7. Get in the Water

Considering its location on world-famed Monterey Bay, and its 34 beaches dotted along nearly 30 miles of coastline, Santa Cruz is a place where the ocean is a main attraction — and it would behoove you to make a splash. While the water is typically too cold for swimming, save for peak-summer weather at certain beaches, the region is famed for its surfing conditions. In fact, its nickname as “Surf City” makes this an iconic activity, especially at renowned beaches and coves like Cowell’s Beach, Capitola Jetty, and Steamer Lane. If you’re a newbie, companies like Club Ed Surf School and Camps and Surf School Santa Cruz offer lessons, or if you don’t have your own board, you can rent from outfitters like Cowell’s Surf Shop and Santa Cruz Surfboard Rentals. If paddle sports are more your speed, kayaking and stand-up paddle boarding are also a popular local pastime, with rentals to be found throughout Santa Cruz.

Where to Stay on a Trip to Santa Cruz

Looking for a great place to stay on a trip to Santa Cruz, California? Look no further than KOA campgrounds. With comfortable Deluxe Cabins featuring all the conveniences of your favorite hotel, RV sites and places to pitch a tent, you’ll find the perfect way to stay. While Santa Cruz / Monterey Bay KOA Holiday is the closest KOA campground to Santa Cruz, you’ll find more great options within a short drive including Santa Cruz North / Costanoa KOA and Salinas / Montery KOA. If you’re an RVer, the convenince of Moss Landing KOA Express may make it the perfect RV campground near Santa Cruz, California.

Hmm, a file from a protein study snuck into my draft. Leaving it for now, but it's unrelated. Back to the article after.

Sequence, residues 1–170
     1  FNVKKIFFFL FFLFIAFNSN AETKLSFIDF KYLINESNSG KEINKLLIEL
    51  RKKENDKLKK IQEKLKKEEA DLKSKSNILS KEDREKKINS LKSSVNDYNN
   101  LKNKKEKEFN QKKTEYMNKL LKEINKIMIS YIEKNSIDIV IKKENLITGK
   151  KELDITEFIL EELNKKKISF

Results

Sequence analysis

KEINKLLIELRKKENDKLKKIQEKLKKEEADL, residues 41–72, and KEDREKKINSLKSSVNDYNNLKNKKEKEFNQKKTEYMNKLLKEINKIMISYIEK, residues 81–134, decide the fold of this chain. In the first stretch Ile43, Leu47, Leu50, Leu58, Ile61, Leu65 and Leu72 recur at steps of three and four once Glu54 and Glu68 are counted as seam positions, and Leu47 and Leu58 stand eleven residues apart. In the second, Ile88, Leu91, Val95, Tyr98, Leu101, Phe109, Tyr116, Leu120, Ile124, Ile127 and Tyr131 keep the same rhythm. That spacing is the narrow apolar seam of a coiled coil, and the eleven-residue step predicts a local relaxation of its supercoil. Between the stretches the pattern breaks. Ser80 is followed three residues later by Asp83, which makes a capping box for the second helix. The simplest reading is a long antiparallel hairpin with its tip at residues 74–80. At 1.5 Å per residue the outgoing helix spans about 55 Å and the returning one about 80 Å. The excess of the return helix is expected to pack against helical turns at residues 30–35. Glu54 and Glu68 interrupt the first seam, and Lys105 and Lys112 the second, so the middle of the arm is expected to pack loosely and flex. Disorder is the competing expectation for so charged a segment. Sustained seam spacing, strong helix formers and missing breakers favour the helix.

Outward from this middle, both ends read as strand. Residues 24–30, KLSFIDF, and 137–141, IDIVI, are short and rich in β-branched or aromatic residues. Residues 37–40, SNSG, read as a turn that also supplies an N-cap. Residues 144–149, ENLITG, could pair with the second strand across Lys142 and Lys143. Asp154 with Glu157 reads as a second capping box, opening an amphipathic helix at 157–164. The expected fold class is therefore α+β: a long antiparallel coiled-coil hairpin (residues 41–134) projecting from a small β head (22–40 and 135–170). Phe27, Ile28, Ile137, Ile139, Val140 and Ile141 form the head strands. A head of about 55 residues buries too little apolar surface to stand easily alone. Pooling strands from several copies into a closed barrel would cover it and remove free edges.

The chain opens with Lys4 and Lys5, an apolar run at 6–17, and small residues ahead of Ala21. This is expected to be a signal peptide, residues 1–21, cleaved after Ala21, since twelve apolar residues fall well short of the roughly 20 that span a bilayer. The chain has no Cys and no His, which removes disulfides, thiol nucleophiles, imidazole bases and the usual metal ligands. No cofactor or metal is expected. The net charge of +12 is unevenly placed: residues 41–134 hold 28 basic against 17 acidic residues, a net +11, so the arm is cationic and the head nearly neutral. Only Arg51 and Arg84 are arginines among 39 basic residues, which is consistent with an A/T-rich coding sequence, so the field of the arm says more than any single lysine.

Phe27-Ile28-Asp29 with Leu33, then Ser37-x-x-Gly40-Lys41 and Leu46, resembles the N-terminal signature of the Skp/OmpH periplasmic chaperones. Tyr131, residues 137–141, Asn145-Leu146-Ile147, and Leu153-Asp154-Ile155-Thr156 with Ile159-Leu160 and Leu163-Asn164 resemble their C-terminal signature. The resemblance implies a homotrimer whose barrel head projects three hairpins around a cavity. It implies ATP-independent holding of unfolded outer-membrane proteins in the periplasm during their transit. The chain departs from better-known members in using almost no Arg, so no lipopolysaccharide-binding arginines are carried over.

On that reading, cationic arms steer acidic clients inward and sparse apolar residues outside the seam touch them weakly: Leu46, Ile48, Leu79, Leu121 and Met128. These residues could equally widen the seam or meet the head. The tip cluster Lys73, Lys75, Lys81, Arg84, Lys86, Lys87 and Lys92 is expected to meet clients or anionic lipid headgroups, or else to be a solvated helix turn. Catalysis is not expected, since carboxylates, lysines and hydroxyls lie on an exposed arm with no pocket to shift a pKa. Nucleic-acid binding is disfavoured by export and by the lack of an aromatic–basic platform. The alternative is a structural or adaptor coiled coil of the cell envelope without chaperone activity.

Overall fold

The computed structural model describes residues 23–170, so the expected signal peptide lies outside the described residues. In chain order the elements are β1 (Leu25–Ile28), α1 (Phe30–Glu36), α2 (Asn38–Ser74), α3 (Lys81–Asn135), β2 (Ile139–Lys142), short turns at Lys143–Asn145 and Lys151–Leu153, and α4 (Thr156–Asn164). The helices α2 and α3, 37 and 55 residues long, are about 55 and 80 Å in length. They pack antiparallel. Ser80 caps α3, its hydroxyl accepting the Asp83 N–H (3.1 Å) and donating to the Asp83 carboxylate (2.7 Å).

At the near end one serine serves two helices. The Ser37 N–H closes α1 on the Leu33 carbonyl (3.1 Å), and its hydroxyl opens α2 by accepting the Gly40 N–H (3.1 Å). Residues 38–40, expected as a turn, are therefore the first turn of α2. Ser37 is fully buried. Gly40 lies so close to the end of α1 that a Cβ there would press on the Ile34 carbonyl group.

Born and raised in New Hampshire, Matt Kirouac grew up with a love for camping and the outdoors. Though he’s lived in Chicago since 2006, he’s always on the lookout for new adventures. He writes about travel and food for outlets like TripExpert, Money Inc, Upventur, DiningOut, Food Fanatics magazine, Plate Magazine and Zagat, and he currently serves as Chicago editor for What Should We Do?! He’s the author of The Hunt Guides: Chicago (2016) and Unique Eats & Eateries of Chicago (2017).